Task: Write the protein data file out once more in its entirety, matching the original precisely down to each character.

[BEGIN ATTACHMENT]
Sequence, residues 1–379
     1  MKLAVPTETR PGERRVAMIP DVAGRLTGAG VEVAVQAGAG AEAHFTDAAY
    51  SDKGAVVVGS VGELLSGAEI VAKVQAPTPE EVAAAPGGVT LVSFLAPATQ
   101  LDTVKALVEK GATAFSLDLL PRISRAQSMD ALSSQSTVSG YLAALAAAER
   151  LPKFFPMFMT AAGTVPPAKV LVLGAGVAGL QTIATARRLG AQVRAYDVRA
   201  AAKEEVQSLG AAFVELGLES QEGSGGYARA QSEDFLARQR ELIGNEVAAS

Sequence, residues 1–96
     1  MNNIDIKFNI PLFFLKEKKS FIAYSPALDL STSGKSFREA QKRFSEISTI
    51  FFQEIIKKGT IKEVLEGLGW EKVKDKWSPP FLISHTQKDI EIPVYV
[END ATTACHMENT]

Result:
Sequence, residues 1–379
     1  MKLAVPTETR PGERRVAMIP DVAGRLTGAG VEVAVQAGAG AEAHFTDAAY
    51  SDKGAVVVGS VGELLSGAEI VAKVQAPTPE EVAAAPGGVT LVSFLAPATQ
   101  LDTVKALVEK GATAFSLDLL PRISRAQSMD ALSSQSTVSG YLAALAAAER
   151  LPKFFPMFMT AAGTVPPAKV LVLGAGVAGL QTIATARRLG AQVRAYDVRA
   201  AAKEEVQSLG AAFVELGLES QEGSGGYARA QSEDFLARQR ELIGNEVAAS

Sequence, residues 1–96
     1  MNNIDIKFNI PLFFLKEKKS FIAYSPALDL STSGKSFREA QKRFSEISTI
    51  FFQEIIKKGT IKEVLEGLGW EKVKDKWSPP FLISHTQKDI EIPVYV